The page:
On Thursday morning, the National Oceanic and Atmospheric Administration (NOAA) forecasters released an updated prediction of the 2022 hurricane season. They are still forecasting an above-average season in the Atlantic Basin, making it the seventh consecutive above-average season. There is still 88 percent of the hurricane season left and the peak will occur in September; the season will end on November 30th.
With Thursday morning’s update, NOAA is forecasting that 14 to 20 named storms will form. These storms will have sustained winds of 39 mph or higher. Of those named storms, 6-10 will be hurricane strength (winds of 74 mph or higher) with 3-5 of those becoming major hurricanes. Major hurricanes are tropical systems with winds of 111 mph or higher. It is important to note that this outlook is for the overall seasonal activity and not a landfall forecast.
National Hurricane Preparedness Week
So far this season there have only been three named storms; Alex, Bonnie, and Colin. Although the season has been quiet, activity will begin to pick up heading into August and September. The peak of hurricane season is on September 10th.
Here in the Tennessee Valley, we don’t see direct impacts from tropical systems. The main impact we see is excessive rainfall which could lead to flash flooding. Another threat is isolated tornado activity from the outer bands that rotate into the region.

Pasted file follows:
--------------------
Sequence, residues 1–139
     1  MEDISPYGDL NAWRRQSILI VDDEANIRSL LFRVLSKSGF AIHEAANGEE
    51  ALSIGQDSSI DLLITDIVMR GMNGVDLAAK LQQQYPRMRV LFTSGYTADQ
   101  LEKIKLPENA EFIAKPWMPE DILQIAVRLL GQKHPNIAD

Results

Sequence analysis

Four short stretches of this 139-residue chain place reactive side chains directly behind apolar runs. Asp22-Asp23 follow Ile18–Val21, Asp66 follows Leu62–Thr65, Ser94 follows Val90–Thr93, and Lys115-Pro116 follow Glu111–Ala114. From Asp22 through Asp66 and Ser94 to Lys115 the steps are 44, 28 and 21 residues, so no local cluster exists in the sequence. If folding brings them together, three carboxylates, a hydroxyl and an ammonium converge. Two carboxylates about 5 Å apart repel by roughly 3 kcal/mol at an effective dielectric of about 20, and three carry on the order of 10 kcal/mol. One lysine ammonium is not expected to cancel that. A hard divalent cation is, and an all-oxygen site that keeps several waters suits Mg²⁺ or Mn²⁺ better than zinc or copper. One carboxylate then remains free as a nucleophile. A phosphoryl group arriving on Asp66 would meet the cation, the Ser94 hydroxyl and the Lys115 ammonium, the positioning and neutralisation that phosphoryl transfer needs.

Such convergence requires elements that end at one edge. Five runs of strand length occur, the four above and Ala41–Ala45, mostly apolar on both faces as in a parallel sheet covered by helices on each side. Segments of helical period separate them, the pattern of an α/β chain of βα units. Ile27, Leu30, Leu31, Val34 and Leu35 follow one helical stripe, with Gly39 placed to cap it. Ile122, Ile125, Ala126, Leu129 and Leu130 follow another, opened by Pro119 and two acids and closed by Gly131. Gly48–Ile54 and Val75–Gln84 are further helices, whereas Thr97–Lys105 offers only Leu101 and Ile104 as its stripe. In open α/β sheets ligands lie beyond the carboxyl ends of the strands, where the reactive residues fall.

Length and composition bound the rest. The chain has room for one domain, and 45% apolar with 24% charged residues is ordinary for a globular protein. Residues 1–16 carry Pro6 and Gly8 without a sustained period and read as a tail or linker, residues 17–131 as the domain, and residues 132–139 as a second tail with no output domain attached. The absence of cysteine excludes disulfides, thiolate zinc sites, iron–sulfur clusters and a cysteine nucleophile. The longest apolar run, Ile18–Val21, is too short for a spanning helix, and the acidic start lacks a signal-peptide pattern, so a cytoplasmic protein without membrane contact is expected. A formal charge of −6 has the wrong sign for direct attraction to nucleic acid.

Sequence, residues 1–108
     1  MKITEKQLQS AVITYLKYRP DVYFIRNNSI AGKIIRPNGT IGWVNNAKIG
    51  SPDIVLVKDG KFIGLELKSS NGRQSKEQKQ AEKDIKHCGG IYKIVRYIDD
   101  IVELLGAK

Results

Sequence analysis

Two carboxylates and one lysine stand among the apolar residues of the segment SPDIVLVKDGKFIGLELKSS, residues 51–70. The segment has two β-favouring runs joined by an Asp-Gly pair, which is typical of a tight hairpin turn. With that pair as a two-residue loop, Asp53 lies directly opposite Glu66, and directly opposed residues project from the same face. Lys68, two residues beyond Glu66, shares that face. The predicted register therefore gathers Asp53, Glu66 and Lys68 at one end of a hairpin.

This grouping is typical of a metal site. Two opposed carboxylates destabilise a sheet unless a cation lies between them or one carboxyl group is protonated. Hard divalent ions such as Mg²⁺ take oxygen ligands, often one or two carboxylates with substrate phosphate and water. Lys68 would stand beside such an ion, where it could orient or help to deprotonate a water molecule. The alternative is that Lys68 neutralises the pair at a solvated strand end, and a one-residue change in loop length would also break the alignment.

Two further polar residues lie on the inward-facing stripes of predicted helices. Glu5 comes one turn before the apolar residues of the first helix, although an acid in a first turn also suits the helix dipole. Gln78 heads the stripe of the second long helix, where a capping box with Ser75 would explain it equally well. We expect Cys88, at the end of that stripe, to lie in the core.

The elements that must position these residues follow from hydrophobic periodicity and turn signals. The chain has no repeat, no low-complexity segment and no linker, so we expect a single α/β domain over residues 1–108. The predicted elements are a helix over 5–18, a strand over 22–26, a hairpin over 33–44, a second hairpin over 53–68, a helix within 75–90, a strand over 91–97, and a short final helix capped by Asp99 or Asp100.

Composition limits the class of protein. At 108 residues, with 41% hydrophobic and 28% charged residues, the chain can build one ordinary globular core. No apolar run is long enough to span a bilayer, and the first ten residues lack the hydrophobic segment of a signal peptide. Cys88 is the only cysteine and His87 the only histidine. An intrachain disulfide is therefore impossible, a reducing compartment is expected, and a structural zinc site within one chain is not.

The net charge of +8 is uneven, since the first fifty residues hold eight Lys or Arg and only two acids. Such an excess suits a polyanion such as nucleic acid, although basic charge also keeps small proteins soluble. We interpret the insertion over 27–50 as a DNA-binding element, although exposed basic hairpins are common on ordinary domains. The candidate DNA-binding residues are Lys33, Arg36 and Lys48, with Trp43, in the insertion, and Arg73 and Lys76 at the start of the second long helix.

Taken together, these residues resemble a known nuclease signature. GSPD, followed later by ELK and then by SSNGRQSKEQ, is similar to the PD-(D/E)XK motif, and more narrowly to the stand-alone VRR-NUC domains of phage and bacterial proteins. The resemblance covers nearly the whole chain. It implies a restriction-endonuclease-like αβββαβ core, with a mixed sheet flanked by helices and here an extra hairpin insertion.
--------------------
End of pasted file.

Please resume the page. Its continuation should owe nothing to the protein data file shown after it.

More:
What Could Influence An Active Season?
There are multiple factors that would help support a tropical system thrive this season. The first environmental factor would be warm sea surface temperatures. Warm water, temperatures of 80 degrees or higher, is a key factor to support a tropical system. The warm, moist air rises causing clouds and storms to form. With a continuous rising motion, storms are able to continue developing. Another factor that will help tropical systems thrive is weak wind shear. Unlike tornadoes, high values of wind shear will break down a tropical system.
La Niña May Impact The Atlantic Hurricane Season
There are many climate factors that could lead to an active hurricane season, one main influence is La Niña. La Niña is looking likely to persist, leading to warmer-than-average sea surface temperatures. The warm moist air will rise supporting development. We will also see weaker tropical Atlantic trade winds, meaning lower values of wind shear. Most tropical systems in the Atlantic Basin form from waves off the west coast of Africa. With an enhanced monsoon season in Africa, it will help fuel potentially stronger and longer-living storms.